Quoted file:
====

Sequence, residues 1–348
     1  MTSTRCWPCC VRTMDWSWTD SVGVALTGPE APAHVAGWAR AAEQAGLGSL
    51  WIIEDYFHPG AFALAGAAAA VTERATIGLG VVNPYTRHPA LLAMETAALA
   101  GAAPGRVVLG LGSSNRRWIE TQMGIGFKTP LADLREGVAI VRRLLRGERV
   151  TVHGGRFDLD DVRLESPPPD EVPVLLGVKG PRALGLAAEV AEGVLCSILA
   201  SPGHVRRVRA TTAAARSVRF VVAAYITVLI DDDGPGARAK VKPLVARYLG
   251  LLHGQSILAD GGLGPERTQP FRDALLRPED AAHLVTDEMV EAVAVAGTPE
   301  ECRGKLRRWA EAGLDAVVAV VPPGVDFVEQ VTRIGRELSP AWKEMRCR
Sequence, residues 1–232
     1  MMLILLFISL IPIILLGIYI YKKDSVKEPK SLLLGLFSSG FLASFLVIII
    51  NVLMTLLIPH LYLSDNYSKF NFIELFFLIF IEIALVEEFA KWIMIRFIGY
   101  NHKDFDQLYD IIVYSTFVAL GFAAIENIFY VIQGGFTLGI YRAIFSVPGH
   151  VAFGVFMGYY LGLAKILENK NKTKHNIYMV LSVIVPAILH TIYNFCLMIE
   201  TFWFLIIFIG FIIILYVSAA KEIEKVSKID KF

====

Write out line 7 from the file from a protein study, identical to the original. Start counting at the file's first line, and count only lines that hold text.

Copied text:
   251  LLHGQSILAD GGLGPERTQP FRDALLRPED AAHLVTDEMV EAVAVAGTPE